Chris and Nellie Tran. Photo by Kamren Curiel for L.A. TACO.
Outside Blossom Market Hall. Photo by Kamren Curiel for L.A. TACO.

They hired 42 Architecture to restore the 11,700 square-foot building, which on the outside is reminiscent of a Restoration Hardware with its white facade and black window trims, a nod to embracing the new and preserving the old. Inside, half of the A-frame ceiling is painted with a colorful mural of California wildflowers designed by Nao Miyamoto. The 13-stall food hall features mostly local culinary talent, including AK Fresh Roast, which specializes in a strong cup of Vietnamese and American coffee, and Angel & Mason, a beer, wine, sake, and soju bar. 

Guyanese chef Yonette Alleyne’s sought-after jerk chicken and curries at her Caribbean Gourmet sold out on the opening night, as did the highly anticipated barbeque sandwiches at former Gus’s BBQ chef Kyu Yi’s Burnt Belly. Rori’s Artisanal Creamery’s black pepper pistachio ice cream is a must for dessert. Japanese fusion Sushi Rolland riffs on nachos with spicy tuna, a milk tea and boba bar called Circle Tea Bar, Banh Mi Bar for new school Vietnamese sandwiches, and breakfast all day at Cafe Et Cetera. There’s Spotless Burgers, acai bowls, and smoothies at Honey & Hive for plant-based eaters. 

I had the beef galbi at Smorgasburg resident Manduyo, perfectly seasoned and tender. It comes with a bed of fluffy white rice and crispy green salad evenly dressed with a spicy, tangy vinaigrette. Their signature mandus (Korean dumplings) don’t disappoint and pleasantly appear on their logo.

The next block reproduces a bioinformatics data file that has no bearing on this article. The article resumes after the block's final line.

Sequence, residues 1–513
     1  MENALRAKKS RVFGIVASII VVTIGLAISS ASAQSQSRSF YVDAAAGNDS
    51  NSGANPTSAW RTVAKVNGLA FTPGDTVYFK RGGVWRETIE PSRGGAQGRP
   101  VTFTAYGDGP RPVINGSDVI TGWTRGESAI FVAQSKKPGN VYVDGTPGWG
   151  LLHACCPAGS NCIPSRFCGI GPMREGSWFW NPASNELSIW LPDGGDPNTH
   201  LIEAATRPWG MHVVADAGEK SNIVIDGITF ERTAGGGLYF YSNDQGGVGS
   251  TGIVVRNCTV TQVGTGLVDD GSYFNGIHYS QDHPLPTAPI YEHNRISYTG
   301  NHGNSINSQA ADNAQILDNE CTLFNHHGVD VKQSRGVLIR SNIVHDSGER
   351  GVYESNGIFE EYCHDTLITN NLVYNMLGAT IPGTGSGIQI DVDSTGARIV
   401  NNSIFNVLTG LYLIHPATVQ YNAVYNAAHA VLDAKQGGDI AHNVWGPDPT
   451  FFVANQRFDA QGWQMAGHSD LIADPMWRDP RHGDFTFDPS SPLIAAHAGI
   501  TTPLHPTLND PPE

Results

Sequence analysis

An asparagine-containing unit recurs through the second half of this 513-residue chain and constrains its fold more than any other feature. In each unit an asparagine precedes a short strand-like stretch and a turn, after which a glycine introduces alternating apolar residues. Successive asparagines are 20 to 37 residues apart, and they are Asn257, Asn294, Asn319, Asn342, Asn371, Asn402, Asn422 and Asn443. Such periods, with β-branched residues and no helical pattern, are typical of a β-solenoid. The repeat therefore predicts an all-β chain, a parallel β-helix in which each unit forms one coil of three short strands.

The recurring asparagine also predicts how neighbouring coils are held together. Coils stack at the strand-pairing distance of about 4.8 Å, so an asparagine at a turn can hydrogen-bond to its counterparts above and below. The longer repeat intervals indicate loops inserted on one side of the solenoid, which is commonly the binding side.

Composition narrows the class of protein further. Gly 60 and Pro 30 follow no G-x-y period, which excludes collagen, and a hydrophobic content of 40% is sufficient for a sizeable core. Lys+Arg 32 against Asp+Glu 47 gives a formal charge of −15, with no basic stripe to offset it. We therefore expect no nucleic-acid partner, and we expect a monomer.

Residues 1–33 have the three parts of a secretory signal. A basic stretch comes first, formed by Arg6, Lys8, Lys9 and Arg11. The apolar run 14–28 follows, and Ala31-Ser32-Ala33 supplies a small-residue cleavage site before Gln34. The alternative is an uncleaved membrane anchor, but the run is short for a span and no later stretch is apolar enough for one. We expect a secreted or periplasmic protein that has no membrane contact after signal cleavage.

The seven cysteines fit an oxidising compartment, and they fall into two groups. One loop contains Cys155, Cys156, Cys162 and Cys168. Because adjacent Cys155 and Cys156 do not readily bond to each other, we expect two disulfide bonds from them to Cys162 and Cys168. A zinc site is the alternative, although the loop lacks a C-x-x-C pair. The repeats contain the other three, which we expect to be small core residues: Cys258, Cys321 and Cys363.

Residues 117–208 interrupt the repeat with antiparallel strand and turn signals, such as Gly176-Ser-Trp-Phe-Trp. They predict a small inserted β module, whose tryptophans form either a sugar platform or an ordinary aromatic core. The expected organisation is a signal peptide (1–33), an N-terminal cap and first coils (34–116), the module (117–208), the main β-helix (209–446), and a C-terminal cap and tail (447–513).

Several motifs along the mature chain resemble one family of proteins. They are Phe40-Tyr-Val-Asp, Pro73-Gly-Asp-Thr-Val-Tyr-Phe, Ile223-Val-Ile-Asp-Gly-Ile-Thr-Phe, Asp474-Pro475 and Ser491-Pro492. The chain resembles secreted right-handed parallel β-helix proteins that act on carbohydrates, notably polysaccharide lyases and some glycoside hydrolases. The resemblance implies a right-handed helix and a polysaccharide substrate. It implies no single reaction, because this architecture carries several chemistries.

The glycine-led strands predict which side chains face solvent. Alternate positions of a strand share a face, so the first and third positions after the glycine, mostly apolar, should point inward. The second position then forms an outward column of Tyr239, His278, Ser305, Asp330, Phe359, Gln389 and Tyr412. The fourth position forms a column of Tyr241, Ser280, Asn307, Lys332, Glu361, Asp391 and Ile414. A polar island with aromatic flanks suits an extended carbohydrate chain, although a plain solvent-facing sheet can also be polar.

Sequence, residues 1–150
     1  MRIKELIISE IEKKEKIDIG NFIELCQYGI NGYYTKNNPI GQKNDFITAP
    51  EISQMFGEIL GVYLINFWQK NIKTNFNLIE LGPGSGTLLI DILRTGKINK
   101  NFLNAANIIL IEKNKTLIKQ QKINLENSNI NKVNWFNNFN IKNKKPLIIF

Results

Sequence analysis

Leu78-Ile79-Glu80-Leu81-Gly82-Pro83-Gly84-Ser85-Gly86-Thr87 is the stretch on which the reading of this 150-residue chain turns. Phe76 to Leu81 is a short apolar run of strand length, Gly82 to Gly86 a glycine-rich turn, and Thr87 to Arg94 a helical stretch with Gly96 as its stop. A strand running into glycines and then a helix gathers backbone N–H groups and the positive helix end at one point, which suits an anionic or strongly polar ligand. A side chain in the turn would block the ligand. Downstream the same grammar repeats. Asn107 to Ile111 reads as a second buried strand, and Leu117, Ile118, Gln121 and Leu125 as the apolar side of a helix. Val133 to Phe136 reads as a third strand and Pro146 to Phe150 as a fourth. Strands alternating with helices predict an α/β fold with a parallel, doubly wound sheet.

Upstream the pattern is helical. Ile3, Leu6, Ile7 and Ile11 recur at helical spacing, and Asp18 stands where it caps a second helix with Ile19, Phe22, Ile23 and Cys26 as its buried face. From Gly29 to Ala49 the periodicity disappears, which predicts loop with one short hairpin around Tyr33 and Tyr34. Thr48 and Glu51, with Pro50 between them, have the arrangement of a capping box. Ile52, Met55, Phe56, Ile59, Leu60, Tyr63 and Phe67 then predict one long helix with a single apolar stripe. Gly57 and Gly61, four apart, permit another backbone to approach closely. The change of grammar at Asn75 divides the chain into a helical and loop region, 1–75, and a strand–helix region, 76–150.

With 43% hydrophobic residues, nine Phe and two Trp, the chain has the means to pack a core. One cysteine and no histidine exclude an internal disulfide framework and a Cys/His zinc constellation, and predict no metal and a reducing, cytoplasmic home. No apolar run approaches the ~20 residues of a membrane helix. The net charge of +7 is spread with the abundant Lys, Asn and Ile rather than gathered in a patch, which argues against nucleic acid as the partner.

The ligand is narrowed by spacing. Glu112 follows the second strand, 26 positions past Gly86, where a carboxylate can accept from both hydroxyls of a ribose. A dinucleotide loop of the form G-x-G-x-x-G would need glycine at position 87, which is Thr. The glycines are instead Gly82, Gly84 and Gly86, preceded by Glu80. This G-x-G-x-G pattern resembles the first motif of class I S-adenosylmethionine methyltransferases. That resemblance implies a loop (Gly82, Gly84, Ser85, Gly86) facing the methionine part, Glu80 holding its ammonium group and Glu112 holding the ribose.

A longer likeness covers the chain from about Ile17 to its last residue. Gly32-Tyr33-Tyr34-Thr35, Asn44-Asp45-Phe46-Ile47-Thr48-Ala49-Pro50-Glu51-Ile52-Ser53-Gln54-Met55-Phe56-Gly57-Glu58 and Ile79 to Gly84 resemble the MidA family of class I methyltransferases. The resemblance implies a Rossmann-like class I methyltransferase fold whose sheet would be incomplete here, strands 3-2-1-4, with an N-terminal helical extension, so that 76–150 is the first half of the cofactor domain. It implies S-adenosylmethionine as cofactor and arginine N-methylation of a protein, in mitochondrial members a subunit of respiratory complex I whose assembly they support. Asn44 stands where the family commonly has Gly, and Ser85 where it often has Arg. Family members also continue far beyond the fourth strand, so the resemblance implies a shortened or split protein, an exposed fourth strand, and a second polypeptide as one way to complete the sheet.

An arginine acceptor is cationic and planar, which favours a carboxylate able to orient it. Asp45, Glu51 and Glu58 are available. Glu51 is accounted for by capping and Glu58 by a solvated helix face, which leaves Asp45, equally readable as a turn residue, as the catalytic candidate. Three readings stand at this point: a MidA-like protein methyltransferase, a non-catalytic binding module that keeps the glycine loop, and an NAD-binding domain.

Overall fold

La Olla Cocina encapsulates the essence of the neighborhood with a menu boasting birria and mariscos. Another husband-wife team, Joei Miu, whose Vietnamese and Chinese American, and Antonio Aguilar, who’s Salvadoran, live in Temple City and met working at her father’s restaurant in Houston. Miu’s father, a refugee from Vietnam, originally opened a Mexican restaurant in Lincoln Heights in the 80s and decided to relocate the family and the restaurant to Texas, where the industry wasn’t as competitive. Miu and Aguilar moved back six years ago after a brief stint in Las Vegas, where they started a dessert business. 

Birria and tacos from La Olla Cocina at Blossom Market. Photo by Kamren Curiel for L.A. TACO.
Birria and tacos from La Olla Cocina at Blossom Market. Photo by Kamren Curiel for L.A. TACO.

“The items on our menu are very close to our hearts,” said Miu, who’s expecting a baby. “They are foods we order whenever we see them.” In addition to tacos and tostadas, she and her husband serve beef birria consomé and passionfruit and guava panna cotta.